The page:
The persons who can claim the legitimacy of the child are:

  1. Child himself – it is the exclusive and personal right of the child which may be brought anytime during his lifetime;
  2. Heirs of the child – it is transmitted to the heirs of the child within a period of 5 years in case

i)                    The child dies during minority;

ii)                  The child is in a state of insanity;

iii)                The child dies after action has already been instituted.

 

13.  As a father, I question the paternity of my wife’s youngest son, who I believe was sired by her lover. How can I impugn the legitimacy of the child?

The following are the grounds on impugning the legitimacy of a child:

 

  1. Physical impossibility of the husband to have sexual intercourse with his wife within the first 120 days of the 300 days immediately preceding the child’s birth due to:

i)                    Physical incapacity of the husband;

ii)                  The husband and wife were living separately; or

iii)                The serious illness of the husband which absolutely prevented sexual intercourse.

 

  1. Biological or scientific proof that the child could not have been that of the husband; and
  2. Written authorization or ratification of either parent for artificial insemination was obtained through mistake, fraud, violence, intimidation or undue influence (Article 166 of the Family Code).

 

14.  Who may impugn the legitimacy of the child?

Only the husband may impugn the legitimacy of the child. However, the heirs of the husband may impugn the legitimacy of the child under the following circumstances:

  1. The husband dies after the end of the prescription of the action;
  2. The husband dies after filing complaint; and
  3. The child was born after the husband’s death.

 

15.  Is there a prescriptive period to impugn the legitimacy of the child?

The following are the prescriptive periods to impugn the legitimacy of the child:

  1. One year – from the knowledge of birth or recording in the civil register, if the husband or heirs live in the SAME city/municipality;
  2. Two years – if both reside in the Philippines;
  3. Three years – if the child’s birth took place or was recorded in the Philippines while the husband has his residence; or vice versa

(Article 170 of the Family Code)

 

16.  Can a mother question the legitimacy of her own child?

No. A mother cannot question the legitimacy of her own child. An assertion by the mother against the legitimacy of her child cannot affect the legitimacy of the child born or conceived within a valid marriage. A mother has no right to disavow a child because maternity is never uncertain. (Concepcion v. CA, G.R. No. 123450, 31 August 2005)

 

17.  When can the child bring the action for recognition of his status?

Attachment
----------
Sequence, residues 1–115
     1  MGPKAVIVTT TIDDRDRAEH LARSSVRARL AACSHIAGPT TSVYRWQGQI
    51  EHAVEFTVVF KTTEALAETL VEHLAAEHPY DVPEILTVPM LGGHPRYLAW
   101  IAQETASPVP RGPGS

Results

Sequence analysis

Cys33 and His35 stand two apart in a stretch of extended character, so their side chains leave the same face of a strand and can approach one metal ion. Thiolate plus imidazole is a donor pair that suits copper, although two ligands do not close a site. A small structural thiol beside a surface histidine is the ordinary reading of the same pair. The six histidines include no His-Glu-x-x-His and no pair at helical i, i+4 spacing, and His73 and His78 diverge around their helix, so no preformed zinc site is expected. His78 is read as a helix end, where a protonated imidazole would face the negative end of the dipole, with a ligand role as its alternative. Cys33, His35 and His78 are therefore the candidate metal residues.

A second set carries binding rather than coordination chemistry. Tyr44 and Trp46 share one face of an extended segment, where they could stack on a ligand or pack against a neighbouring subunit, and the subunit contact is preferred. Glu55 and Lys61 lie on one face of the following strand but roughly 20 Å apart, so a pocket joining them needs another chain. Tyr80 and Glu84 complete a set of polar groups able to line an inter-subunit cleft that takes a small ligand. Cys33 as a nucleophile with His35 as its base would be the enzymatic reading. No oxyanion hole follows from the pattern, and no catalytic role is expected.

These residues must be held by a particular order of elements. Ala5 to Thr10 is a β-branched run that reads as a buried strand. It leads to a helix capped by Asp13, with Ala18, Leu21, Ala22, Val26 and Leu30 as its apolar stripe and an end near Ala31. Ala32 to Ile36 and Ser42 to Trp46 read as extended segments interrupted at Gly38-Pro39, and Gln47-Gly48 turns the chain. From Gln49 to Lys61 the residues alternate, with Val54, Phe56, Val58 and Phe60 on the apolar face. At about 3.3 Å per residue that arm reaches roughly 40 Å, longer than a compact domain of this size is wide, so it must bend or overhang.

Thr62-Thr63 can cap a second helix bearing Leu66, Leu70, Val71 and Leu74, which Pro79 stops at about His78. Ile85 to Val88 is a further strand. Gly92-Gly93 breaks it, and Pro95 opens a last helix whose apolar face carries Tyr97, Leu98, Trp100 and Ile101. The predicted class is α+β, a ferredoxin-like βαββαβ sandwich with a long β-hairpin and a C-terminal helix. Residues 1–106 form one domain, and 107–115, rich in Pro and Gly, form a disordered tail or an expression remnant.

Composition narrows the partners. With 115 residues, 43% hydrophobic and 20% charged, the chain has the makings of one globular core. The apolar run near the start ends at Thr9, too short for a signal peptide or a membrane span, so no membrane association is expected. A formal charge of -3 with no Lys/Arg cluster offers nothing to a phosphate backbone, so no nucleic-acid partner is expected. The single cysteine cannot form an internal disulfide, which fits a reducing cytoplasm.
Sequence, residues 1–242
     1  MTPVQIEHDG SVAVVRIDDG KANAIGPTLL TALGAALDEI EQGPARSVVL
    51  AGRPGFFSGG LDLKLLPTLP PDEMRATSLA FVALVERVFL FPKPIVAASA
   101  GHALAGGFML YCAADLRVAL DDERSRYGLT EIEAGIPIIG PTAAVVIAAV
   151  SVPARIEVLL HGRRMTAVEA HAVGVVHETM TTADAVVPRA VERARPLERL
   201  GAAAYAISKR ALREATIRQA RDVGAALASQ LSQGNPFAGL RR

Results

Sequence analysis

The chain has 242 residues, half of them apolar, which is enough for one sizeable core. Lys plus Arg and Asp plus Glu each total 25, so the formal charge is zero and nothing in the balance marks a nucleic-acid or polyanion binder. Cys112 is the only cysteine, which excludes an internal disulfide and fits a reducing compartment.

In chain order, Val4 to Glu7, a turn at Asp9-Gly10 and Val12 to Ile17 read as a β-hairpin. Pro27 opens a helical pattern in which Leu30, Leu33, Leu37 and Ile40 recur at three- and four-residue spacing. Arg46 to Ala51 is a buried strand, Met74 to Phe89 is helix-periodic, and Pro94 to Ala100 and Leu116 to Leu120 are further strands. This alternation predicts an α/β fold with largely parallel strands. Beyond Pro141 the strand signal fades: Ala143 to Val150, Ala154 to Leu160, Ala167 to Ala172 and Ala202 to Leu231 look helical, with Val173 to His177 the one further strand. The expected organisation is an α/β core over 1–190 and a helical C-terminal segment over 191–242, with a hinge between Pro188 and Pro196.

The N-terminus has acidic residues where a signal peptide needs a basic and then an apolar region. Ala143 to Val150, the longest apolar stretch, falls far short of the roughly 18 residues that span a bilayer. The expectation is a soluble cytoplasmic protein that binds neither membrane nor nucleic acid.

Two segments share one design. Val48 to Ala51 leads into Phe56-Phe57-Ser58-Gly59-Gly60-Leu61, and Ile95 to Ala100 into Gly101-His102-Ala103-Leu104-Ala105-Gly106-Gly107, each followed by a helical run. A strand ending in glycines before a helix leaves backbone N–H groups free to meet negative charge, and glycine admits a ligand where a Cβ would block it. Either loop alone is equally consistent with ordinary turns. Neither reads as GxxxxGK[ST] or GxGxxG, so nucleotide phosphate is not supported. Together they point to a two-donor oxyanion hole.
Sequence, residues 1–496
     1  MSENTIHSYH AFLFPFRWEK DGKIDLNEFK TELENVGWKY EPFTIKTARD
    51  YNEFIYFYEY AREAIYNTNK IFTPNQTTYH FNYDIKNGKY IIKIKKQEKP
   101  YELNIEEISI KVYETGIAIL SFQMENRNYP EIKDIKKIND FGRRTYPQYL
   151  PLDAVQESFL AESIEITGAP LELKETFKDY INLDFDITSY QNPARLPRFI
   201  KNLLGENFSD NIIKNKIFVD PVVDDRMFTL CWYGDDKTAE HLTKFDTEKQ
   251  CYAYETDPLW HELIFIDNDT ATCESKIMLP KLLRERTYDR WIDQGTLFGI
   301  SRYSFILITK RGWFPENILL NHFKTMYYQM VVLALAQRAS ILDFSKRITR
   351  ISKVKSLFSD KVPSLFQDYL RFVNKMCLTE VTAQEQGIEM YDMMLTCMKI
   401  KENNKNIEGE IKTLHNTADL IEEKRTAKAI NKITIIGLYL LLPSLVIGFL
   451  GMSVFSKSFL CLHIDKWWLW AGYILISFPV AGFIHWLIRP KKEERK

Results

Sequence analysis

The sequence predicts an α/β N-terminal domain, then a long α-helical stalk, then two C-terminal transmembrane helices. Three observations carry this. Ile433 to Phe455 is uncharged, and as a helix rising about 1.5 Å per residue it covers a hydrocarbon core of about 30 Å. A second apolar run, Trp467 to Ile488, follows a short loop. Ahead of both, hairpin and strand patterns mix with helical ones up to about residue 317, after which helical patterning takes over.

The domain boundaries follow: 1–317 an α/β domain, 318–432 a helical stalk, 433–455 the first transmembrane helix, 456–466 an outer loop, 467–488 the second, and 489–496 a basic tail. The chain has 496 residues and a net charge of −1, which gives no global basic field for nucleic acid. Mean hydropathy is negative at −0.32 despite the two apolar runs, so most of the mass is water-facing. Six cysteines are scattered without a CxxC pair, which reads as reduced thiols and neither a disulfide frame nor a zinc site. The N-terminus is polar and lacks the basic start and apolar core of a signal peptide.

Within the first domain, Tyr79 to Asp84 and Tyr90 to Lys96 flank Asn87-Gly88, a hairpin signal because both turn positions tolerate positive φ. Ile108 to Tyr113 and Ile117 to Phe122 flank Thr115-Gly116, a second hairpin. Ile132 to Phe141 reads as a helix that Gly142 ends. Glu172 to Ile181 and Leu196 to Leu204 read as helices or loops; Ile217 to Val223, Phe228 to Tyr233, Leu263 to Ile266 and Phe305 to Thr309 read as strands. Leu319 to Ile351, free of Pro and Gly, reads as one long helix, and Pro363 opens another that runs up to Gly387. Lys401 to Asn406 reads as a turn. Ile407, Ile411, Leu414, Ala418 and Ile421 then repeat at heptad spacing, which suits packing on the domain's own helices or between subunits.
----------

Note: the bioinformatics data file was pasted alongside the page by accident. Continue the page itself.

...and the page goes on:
The action for recognition may be brought during the lifetime of the child when the filiation of the illegitimate child is established by:

  1. A record of birth in the civil register;
  2. A final judgment
  3. An admission of filiation in a public document
  4. A private handwritten instrument signed by the parent concerned.

 

The action for recognition would be brought during the lifetime of the alleged parent if the action is based on:

  1. The open and continuous possession of the status of an illegitimate child
  2. Any other means allowed by the rules or special laws.

 

18.  I am an unrecognized illegitimate child. My biological father abandoned my mother upon learning of her pregnancy. Is there any way I can get him to recognize me so we can be entitled to child support?

When a man refuses to recognize a child as his, there is no other recourse but to file a petition compulsory recognition of an illegitimate child in the courts and only when filiation is proved, only then the courts can force a man to recognize his child. The Petition must be filed during the lifetime of the alleged parent.

 

If the parent and son relationship is in issue, the relationship should be established first before support can be demanded. The civil status of sonship being denied and this civil status, from which the right to support is derived, being in issue, it is apparent that no effect can be given to such a claim until an authoritative declaration has been made as to the existence of the cause. (Francisco vs. Zandueta, 61 Phil. 752)

 

There must be a declaration of the status of the child from which the right to support is derived and before support can be ordered. Such a declaration may be provisional, that is, by affidavits. (Mangulabnan vs. IAC, 185 SCRA 760)

 

When there is no proof of filiation, the man does not have to recognize the child and furthermore, support may not be granted since there is no basis that the man is the father.

 

19.  What are examples of these moral or legal obstacles?

The following are examples of moral or legal obstacles:

  1. When the recipient is an illegitimate child and the person obliged to giver support is legally married to a woman not the mother of the child. (Pascual vs. Martinez, C.A. 37 O.G. 2418)
  2. When the father has been shown to have previously maltreated the child severely. (Pascual vs. Martinez, C.A. 37 O.G. 2418)